Most of us think that our consumer decisions; the deodorant we use, the shoes we wear, the car we drive, are based on logic and reason. Martin Lindstrom, a highly successful consumer product marketing consultant, disagrees.
January 20-29 is Restaurant Week in Kansas City, a time when area foodies line up to taste off-menu offerings at dozens of local eateries. We’ve rounded up recent culinary memoirs that have arrived at a Kansas City Public Library near you.
World events can trigger curiosity on a particular subject. With the recent death of the North Korean dictator Kim Jong-il, a well-written book on the country is timely.
In Nothing to Envy: Ordinary Lives in North Korea, Barbara Demick provides a rare book into this closed, repressive society through several citizens who left the austere conditions of the country. The author weaves the nation’s history into the stories of the individuals she profiles, who are all defectors from North Korea.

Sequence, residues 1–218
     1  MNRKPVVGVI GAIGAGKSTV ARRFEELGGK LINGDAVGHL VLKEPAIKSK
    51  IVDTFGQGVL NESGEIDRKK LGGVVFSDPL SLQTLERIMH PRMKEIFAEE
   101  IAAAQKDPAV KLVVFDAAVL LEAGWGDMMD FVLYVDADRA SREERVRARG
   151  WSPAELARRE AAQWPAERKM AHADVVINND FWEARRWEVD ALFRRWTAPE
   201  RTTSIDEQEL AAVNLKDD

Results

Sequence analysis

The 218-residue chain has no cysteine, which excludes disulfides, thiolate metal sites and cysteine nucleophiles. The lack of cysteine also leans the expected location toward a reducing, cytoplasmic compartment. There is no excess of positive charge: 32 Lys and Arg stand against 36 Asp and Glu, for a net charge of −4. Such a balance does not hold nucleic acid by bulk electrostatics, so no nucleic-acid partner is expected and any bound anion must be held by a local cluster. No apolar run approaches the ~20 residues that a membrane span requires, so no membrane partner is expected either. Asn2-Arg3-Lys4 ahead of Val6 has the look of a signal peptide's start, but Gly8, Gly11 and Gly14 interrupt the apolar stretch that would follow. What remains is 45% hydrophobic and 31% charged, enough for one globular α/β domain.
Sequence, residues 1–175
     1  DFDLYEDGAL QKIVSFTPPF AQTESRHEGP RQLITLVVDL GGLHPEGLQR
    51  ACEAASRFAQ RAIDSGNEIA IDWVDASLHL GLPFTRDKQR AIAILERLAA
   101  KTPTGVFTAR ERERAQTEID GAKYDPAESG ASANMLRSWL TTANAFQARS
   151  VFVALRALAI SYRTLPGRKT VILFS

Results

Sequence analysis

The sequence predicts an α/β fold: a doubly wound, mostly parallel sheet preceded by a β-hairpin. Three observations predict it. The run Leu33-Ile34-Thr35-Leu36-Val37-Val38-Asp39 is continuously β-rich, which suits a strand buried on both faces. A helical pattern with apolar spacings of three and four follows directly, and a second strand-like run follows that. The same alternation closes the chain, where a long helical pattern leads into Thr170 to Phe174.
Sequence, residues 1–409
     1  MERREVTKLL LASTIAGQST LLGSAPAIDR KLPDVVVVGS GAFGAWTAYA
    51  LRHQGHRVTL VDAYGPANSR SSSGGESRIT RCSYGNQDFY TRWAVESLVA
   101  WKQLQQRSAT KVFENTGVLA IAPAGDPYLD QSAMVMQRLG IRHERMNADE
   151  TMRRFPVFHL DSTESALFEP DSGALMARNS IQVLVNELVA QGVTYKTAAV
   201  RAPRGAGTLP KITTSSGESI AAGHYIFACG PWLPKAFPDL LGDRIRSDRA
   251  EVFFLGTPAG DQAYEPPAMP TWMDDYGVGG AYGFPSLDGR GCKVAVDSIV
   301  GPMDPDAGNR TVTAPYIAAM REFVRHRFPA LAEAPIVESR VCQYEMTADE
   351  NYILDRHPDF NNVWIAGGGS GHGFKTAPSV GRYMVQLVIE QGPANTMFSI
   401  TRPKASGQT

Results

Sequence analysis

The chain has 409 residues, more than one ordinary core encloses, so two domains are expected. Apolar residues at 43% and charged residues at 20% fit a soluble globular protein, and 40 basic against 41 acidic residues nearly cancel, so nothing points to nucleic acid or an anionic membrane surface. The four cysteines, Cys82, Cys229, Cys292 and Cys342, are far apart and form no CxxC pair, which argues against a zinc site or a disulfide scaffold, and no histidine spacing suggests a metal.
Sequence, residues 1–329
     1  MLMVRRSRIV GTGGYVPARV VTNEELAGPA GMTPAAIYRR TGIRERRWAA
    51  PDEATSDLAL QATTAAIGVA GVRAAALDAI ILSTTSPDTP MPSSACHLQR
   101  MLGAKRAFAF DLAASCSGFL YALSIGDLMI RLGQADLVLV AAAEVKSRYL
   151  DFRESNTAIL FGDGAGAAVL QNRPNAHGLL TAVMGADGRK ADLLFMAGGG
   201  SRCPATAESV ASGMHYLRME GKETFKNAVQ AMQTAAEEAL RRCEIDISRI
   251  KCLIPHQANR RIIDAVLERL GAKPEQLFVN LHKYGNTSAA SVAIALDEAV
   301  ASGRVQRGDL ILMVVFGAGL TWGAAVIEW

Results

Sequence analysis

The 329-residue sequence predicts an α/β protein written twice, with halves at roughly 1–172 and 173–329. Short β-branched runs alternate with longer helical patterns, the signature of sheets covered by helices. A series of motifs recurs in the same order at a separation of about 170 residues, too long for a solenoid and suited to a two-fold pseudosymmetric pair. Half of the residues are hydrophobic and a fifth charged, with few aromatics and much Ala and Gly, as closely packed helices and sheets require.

The narrative focuses on the controlled existence that North Koreans endure, in which their daily lives center on their work sites, people are expected to report suspicious activity of their neighbors, and citizens are kept in the dark about advances in other countries as they are taught that nations such as South Korea and the United States cannot be trusted.
For all of human existence, at least since humans gained language, stories have been a part of our world and they affect our perception of the world around us. In many ways, the Odyssey is Homer’s portfolio, a defense and a demonstration of the art of telling stories.
The holidays are over, and you’ve just made a serious New Year’s resolution to eat healthier. You don’t really want to sacrifice flavor or give up all of your high-calorie favorites, so what’s the answer? Comfort Food Fix: Feel-Good Favorites Made Healthy by Ellie Krieger.